I used this :

u = unicode(text, 'utf-8')

But getting error with Python 3 (or... maybe I just forgot to include something) :

NameError: global name 'unicode' is not defined

Thank you.

  • 17
    If there's an awesome reason to upgrade to python 3 it is unicode by default. – JBernardo Jul 25 '11 at 5:49

Literal strings are unicode by default in Python3.

Assuming that text is a bytes object, just use text.decode('utf-8')

unicode of Python2 is equivalent to str in Python3, so you can also write:

str(text, 'utf-8')

if you prefer.

  • 63
    TypeError: decoding str is not supported – Gank Apr 18 '16 at 13:49
  • 11
    @Gank, In Python3 a str is unicode, ie. it is "decoded" so it makes no sense to call decode on it – John La Rooy Apr 19 '16 at 9:43
  • 1
    Same TypeError. Please just replace with str(txt), or the code from @magicrebirth below – Simon Oct 28 '17 at 18:37
  • 3
    The original sample is not clear. So in python3, if you want to do str(text, 'utf-8'), text must be a string binary. e.g. str(b'this is a binary', 'utf-8') – killua8p Aug 22 '18 at 4:13

What's new in Python 3.0 says:

All text is Unicode; however encoded Unicode is represented as binary data

If you want to ensure you are outputting utf-8, here's an example from this page on unicode in 3.0:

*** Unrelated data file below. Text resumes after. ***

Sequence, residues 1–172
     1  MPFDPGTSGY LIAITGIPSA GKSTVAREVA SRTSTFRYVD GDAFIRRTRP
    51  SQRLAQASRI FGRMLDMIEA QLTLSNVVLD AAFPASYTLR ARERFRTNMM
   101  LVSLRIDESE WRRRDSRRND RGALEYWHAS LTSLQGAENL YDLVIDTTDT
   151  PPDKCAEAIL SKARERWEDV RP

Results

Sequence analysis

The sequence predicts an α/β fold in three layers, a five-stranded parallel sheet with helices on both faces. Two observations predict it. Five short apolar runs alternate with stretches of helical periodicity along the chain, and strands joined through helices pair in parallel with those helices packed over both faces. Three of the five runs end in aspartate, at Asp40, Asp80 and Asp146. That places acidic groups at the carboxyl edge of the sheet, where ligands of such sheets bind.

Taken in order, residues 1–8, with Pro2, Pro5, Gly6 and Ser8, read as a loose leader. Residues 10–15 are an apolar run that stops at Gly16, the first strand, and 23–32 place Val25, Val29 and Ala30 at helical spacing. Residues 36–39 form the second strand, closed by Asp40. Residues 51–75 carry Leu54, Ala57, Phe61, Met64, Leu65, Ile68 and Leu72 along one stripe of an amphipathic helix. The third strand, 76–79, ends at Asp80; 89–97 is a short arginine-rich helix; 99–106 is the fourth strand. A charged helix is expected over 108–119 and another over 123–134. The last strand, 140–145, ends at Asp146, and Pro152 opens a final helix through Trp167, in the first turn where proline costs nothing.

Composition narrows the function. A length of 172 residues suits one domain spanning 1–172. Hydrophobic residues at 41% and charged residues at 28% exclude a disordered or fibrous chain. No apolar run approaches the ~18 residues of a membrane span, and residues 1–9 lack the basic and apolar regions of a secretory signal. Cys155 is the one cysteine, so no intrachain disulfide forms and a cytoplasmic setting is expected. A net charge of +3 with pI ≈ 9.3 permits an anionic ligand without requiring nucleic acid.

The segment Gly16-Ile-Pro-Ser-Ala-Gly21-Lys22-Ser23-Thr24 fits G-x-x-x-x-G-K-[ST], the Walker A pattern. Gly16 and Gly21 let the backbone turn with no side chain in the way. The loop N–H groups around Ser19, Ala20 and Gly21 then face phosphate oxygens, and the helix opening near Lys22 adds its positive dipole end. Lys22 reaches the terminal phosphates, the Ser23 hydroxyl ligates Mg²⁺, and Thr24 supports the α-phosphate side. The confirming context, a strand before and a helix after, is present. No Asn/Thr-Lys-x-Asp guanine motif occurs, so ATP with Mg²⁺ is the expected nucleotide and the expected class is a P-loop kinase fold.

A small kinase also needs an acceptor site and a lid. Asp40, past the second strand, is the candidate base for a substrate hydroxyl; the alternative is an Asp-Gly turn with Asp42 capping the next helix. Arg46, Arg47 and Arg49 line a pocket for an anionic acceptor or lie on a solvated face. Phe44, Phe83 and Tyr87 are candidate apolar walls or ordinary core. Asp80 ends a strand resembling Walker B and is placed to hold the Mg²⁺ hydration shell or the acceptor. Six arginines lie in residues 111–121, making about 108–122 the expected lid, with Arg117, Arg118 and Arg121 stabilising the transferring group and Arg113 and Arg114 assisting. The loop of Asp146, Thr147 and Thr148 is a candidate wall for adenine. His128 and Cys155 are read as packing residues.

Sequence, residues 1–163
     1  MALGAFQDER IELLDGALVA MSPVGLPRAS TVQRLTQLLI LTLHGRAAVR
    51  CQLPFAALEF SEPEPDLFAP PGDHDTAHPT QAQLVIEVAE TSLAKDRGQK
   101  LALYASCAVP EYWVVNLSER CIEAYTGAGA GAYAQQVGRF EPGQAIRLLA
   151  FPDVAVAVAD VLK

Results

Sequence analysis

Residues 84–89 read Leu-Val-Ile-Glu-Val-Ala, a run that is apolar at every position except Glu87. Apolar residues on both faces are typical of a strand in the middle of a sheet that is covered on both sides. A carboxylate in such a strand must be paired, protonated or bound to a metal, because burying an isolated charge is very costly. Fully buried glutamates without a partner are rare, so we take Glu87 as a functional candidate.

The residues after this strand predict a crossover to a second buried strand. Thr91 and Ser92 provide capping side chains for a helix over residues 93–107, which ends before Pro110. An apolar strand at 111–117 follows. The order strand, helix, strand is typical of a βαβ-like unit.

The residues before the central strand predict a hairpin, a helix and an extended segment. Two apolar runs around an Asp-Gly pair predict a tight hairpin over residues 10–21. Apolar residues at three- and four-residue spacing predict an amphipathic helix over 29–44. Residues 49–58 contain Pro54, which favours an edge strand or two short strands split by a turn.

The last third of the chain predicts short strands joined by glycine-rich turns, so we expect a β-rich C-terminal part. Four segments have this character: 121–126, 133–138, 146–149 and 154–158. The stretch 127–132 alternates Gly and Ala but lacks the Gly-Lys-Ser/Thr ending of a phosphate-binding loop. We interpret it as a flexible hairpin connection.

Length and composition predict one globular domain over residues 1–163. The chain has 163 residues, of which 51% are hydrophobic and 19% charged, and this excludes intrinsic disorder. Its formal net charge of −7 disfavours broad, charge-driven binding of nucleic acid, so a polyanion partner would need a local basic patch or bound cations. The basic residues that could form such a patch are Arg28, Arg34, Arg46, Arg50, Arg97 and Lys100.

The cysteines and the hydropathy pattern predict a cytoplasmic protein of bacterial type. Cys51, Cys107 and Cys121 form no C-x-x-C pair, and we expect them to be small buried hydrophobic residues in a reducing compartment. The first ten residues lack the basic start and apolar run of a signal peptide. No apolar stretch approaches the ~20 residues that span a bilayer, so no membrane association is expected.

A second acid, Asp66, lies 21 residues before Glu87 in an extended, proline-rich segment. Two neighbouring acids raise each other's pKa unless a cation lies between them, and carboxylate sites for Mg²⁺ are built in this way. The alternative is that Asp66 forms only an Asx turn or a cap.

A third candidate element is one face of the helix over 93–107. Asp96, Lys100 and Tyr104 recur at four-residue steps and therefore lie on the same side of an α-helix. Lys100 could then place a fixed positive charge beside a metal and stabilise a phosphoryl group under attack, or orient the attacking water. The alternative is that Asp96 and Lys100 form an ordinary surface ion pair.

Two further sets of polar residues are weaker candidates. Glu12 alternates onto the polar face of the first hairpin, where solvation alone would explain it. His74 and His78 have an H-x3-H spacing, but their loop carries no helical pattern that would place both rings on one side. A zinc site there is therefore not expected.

b'\x80abc'.decode("utf-8", "strict")
  • 1
    this is exactly what we need for '\x80abc'.decode("utf-8", "strict") in Python 2, thanks – http8086 Jan 2 '17 at 3:31

As a workaround, I've been using this:

# Fix Python 2.x.
    UNICODE_EXISTS = bool(type(unicode))
except NameError:
    unicode = lambda s: str(s)
  • 12
    Why are you using a lambda function? These methods are called the same way in any case. This is a simpler variation: try: unicode = str; except: pass. – nicbou Oct 25 '17 at 10:02
  • 1
    It seems like you can just do unicode = str since it won't fail in either 2 or 3 – Nickolai May 25 '18 at 22:23
  • Or from six import u as unicode which I'd prefer simply because it's more self-documenting (since six is a 2/3 compatibility layer) than unicode = str – Nickolai May 25 '18 at 22:25

This how I solved my problem to convert chars like \uFE0F, \u000A, etc. And also emojis that encoded with 16 bytes.

example = 'raw vegan chocolate cocoa pie w chocolate & vanilla cream\\uD83D\\uDE0D\\uD83D\\uDE0D\\u2764\\uFE0F Present Moment Caf\\u00E8 in St.Augustine\\u2764\\uFE0F\\u2764\\uFE0F '
import codecs
new_str = codecs.unicode_escape_decode(example)[0]
>>> 'raw vegan chocolate cocoa pie w chocolate & vanilla cream\ud83d\ude0d\ud83d\ude0d❤️ Present Moment Cafè in St.Augustine❤️❤️ '
new_new_str = new_str.encode('utf-16', 'surrogatepass').decode('utf-16')
>>> 'raw vegan chocolate cocoa pie w chocolate & vanilla cream😍😍❤️ Present Moment Cafè in St.Augustine❤️❤️ '

In a Python 2 program that I used for many years there was this line:

ocd[i].namn=unicode(a[:b], 'utf-8')

This did not work in Python 3.

However, the program turned out to work with:


I don't remember why I put unicode there in the first place, but I think it was because the name can contains Swedish letters åäöÅÄÖ. But even they work without "unicode".


the easiest way in python 3.x

text = "hi , I'm text"

Your Answer

By clicking “Post Your Answer”, you agree to our terms of service, privacy policy and cookie policy

Not the answer you're looking for? Browse other questions tagged or ask your own question.